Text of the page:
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Vibrato...

Chris98

Senior Member
Messages
1,094
I've been thinking about vibrato a bit lately, as you do...

You've got some players that caress the end of notes with a little, you've got players that splash it over everything as if it's ketchup, you've got some that use it so sparingly that it might be a fine malt whiskey, and some that don't use it at all... each to their own. Personally I've never been too happy with mine and I suspect it sounds like the after thought that it often is.

In an idle moment I was watching a masterclass with a classical guitarist, and he was explaining that vibrato speed should be dependent on the note being played. So if you've playing low Bb don't have the vibrato going too fast, and likewise if playing up high, speed it up otherwise the note sounds worried!

I have to confess to never thinking about it like that, and would say my vibrato is very much 45mph, a bit like some Sunday drivers, go into the 30 they do 45, get out onto a lovely open road where you can do 60, and they do 45!

Just mulling it over and would be interested in peoples' thoughts on this, if you have a moment.

All the best,

Chris
 

llamedos

Senior Member
Messages
429
Locality
Lincolnshire England
Like most things in life, it's good in moderation! Vibrato in the right place, at the right speed, can enhance a piece but vibrato overcooked or badly paced can be just plain annoying from a listening point of view. Stringed instruments seem somehow lifeless without well-executed vibrato but having failed dismally in all my efforts to get to grips with guitar and violin I hesitate to give an opinion which might smack of criticism.

Some reed players seem to have an instinctive feel for what is appropriate and it sounds fantastic. Others try to emulate this and fail dismally, making a piece sound laboured - perhaps the teachers amongst us can offer an opinion on the difficulty or otherwise of teaching this aspect of playing.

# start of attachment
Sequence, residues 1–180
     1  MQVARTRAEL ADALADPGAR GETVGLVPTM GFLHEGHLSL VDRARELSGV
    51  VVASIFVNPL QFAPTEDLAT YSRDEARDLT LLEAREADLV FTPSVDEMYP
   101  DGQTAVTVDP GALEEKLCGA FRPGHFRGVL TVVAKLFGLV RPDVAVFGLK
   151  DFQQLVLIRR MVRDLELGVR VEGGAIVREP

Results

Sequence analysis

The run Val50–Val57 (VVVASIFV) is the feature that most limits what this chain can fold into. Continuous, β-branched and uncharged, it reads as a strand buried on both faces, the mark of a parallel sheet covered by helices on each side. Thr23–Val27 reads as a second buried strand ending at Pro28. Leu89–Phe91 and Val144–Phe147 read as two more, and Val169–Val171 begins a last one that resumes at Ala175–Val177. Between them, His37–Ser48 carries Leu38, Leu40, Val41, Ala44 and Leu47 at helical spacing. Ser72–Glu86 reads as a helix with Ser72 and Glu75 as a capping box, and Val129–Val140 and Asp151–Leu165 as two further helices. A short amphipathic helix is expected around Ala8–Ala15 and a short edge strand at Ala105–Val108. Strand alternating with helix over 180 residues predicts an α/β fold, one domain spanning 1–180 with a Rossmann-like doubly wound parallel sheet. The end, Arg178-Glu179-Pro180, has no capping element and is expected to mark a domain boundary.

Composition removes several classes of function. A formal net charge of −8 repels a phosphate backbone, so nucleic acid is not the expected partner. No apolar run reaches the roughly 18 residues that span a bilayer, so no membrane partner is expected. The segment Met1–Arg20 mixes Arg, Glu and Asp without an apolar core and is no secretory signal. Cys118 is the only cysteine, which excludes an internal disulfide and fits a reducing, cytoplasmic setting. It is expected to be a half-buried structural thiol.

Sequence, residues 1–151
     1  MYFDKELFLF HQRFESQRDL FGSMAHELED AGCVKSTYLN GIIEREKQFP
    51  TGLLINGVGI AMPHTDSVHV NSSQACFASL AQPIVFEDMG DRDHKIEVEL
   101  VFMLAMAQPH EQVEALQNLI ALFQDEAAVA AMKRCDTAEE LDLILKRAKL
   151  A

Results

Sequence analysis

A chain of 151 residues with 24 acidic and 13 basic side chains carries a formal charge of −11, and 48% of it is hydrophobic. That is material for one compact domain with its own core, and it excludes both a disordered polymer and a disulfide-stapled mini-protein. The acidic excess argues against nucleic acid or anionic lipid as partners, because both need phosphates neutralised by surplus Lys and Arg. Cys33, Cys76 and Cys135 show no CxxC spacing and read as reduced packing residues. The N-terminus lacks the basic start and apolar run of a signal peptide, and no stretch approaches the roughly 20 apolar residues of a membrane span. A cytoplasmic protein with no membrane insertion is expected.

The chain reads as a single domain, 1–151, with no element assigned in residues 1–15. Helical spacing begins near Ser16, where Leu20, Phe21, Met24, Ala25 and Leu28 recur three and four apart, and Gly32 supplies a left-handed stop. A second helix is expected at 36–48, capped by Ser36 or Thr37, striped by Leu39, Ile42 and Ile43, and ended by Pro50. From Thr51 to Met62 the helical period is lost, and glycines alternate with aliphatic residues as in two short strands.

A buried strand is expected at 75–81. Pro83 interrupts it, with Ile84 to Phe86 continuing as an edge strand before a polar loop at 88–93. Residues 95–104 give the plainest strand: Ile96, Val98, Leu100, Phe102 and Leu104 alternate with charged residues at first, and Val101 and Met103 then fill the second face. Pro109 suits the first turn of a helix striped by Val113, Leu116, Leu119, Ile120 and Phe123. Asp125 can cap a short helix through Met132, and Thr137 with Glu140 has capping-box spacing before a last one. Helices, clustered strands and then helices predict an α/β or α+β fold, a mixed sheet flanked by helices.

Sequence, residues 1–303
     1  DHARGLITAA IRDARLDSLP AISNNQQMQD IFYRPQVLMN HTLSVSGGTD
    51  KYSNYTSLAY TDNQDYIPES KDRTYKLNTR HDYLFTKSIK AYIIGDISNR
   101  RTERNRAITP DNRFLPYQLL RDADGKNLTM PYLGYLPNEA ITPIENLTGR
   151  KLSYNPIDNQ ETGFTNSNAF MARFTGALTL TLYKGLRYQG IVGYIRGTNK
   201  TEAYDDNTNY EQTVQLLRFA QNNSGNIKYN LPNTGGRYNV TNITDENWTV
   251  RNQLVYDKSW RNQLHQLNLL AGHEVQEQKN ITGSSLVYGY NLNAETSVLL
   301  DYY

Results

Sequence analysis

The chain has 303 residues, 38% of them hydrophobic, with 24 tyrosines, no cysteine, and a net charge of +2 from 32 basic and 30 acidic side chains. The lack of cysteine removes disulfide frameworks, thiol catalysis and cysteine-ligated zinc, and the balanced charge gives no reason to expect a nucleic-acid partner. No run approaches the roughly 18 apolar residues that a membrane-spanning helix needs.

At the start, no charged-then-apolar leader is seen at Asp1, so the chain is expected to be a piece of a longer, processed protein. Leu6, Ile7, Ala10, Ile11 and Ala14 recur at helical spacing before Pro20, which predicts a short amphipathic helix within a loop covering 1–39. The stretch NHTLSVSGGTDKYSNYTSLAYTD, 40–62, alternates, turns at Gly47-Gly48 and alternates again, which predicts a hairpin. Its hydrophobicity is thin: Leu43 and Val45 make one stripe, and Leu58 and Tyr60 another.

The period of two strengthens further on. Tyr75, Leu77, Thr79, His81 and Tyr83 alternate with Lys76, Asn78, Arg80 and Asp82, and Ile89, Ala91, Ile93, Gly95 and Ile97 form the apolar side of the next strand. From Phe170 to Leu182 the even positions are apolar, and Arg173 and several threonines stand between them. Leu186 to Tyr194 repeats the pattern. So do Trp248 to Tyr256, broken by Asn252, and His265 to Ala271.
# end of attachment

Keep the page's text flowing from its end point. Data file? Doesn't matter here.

Chris has really set me thinking and I am going slightly doolally seeking a worried-sounding note! I'm sure this thread will run and run but hopefully at the right speed.

Dave
 

Jamesmac

Well-Known Member
Messages
1,872
I believe that with some school of Classical Sax, a constant even vibrato is taught, which for me not expressing or adhering to the music at all. But then again i dont particularly like sax in a classical context, apart from some Soprano pieces. I believe vibrato is a personal thing, i can listen to Freddy Gardener who has a huge vibrato [ Sorry if i got the spelling wrong ] but dont like copycat versions of him. I suppose for a vibrato to sound good and convincing, it has to be felt by the player, and not a sort of add on. :shocked:
 

Nick Wyver

noisy
Café Supporter
Messages
6,052
Locality
Minster On Sea
You can't have a thread on vibrato without mentioning Bechet.


So...



"Bechet"
 

llamedos

Senior Member
Messages
429
Locality
Lincolnshire England
You can't have a thread on vibrato without mentioning Bechet.


So...



"Bechet"

He was one that I had in mind who could make a piece sound great but could not necessarily be copied without it sounding a bit like a dog's breakfast. I will confess to having tried to put a bit of vibrato into a piece when I thought I was alone in the house only to later realise I was not alone and to have my efforts likened to a flatulent duck! Things must be getting better then.

Dave
 

Marcello

Senior Member
Messages
228
Locality
Anderson, South Carolina
You can't have a thread on vibrato without mentioning Bechet.


So...



"Bechet"

I never heard to Bechet (will dig on youtube) but, you can't talk about vibrato without mention Stan Getz..!

;}
 
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